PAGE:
Its website is topped with a large banner proclaiming Values Voters as "America's largest voting bloc" and its organizers, arguing Values Voters wield the power of the GOP nomination, predicted doom for those candidates failing to appear. This behavior has undermined the Christian faith and caused the bride of Christ to weep.

It is not coincidental that the road to Hell is paved with the best of intentions, thus while one hopes that conservative leaders, such as Don Wildmon, began their crusade motivated by morality, it appears that a number of them have been hypnotized by the siren song of the almighty dollar.

Christian activism has become a lucrative business. According to its 990 form, the AFA took in millions. Arguably, such revenue was made possible by sending out "Action Alerts" warning homosexuals will throw Christians in jail under the hate crimes bill. Such rhetoric is misleading at best, dishonest at worse.

How does one protect Christianity? Send money. Call it cash-back Christianity, and the VVD was no different.

The VVD had an opportunity to restore sanity to Christian public activism, but it quickly became a political sideshow to see which candidate was the political Christian of choice.

The result? A conservative carnival.

This strong indictment of modern Christian activism touched on all the major points that have disgusted me about the “family values” crowd. For a complete look at what Murray calls their “crimes against Christianity,” read the entire piece. It’s powerful stuff.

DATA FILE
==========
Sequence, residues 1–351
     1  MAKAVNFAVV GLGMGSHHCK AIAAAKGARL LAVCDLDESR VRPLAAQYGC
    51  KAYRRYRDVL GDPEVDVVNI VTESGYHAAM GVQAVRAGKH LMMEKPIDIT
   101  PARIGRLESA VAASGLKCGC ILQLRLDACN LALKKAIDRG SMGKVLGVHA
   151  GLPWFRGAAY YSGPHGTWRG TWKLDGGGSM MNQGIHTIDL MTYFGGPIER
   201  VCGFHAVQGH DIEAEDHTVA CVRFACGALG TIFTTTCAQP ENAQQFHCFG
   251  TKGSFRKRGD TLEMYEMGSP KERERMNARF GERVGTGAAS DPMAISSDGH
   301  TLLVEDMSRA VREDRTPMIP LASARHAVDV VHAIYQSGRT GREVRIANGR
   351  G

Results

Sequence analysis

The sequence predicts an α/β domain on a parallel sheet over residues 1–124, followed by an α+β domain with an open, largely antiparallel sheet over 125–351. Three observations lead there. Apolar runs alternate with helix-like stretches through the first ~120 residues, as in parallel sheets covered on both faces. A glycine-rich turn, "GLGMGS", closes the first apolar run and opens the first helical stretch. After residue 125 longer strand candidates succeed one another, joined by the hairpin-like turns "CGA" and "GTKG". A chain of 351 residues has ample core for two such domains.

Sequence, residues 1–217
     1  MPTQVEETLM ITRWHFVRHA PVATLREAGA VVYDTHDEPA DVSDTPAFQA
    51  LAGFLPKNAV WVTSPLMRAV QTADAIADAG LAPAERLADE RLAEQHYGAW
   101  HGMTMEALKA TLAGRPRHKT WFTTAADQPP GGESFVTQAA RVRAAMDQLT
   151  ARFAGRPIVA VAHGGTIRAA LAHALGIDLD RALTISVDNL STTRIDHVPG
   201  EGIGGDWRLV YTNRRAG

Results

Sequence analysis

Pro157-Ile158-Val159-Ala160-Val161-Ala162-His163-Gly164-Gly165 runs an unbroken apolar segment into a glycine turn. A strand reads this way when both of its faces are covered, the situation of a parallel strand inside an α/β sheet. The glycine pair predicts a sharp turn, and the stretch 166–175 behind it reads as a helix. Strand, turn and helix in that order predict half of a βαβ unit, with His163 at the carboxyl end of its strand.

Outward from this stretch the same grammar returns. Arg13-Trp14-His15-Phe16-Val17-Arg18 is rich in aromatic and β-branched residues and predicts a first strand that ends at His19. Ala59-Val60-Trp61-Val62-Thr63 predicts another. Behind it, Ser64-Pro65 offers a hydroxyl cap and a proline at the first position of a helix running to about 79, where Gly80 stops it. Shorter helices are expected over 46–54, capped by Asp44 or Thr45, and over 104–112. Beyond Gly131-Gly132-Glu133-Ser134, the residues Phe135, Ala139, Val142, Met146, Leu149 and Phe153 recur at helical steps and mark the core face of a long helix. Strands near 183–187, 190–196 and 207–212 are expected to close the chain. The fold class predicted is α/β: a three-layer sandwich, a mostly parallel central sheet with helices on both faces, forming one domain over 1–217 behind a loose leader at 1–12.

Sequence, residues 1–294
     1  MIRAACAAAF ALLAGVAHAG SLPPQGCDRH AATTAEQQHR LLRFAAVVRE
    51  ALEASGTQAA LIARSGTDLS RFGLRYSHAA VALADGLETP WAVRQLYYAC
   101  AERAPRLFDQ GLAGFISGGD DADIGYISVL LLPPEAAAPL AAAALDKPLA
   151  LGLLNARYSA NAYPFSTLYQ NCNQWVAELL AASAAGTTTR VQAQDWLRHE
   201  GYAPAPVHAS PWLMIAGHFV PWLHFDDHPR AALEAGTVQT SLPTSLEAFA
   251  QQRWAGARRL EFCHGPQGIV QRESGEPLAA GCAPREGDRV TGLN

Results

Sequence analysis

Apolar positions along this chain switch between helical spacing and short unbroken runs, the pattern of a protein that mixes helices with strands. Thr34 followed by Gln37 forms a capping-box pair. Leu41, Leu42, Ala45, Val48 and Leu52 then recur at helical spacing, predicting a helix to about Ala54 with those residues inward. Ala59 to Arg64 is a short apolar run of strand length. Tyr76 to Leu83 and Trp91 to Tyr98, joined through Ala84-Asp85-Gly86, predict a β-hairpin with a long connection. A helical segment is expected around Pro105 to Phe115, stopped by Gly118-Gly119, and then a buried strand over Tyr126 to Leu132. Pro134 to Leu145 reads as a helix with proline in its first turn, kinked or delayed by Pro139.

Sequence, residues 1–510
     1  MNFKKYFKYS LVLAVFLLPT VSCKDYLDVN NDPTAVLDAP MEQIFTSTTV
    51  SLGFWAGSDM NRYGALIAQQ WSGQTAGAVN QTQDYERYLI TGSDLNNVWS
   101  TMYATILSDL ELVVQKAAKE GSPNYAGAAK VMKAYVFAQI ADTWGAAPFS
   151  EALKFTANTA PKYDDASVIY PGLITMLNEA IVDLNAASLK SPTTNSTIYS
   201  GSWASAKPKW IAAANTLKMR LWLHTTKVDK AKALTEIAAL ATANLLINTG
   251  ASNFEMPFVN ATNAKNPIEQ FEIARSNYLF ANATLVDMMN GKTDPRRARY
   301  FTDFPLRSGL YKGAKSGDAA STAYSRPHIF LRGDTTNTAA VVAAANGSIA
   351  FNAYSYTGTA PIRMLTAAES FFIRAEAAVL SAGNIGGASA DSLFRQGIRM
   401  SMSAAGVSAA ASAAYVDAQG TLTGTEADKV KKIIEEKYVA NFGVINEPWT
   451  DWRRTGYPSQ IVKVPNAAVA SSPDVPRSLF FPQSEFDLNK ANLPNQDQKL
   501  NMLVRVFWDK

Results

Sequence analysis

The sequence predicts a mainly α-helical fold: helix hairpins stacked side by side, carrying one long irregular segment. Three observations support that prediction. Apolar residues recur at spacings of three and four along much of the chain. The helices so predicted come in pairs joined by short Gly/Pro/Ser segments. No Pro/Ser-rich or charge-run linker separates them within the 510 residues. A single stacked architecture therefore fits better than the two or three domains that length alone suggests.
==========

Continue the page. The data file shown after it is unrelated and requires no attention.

(h/t, AmericaBlog.)

Monday, September 24, 2007

Why I No Longer Work In Country Music

Along with the music sucking, of course, it’s divisive, partisan moves like this:
Hannity To Keynote Radio Seminar 39

(Nashville, TN - September 24th, 2007) Multimedia broadcaster Sean Hannity will deliver the keynote address at the opening session of next year's Country Radio Seminar ® (CRS-39), which will be held March 5th through March 7th, 2008. The opening session is scheduled for Wednesday, March 5th, 2008 at 10:30 a.m.

Gee, I’m surprised they didn’t invite Mitt Romney, since his Bain Capital now owns Clear Channel.

Eavesdropping For Fun & Profit

Was that the free hand of the market reaching into my telephone, or are they just happy to see me?
Pudding Media, a start-up based in San Jose, Calif., is introducing an Internet phone service today that will be supported by advertising related to what people are talking about in their calls. The Web-based phone service is similar to Skype’s online service — consumers plug a headset and a microphone into their computers, dial any phone number and chat away. But unlike Internet phone services that charge by the length of the calls, Pudding Media offers calling without any toll charges.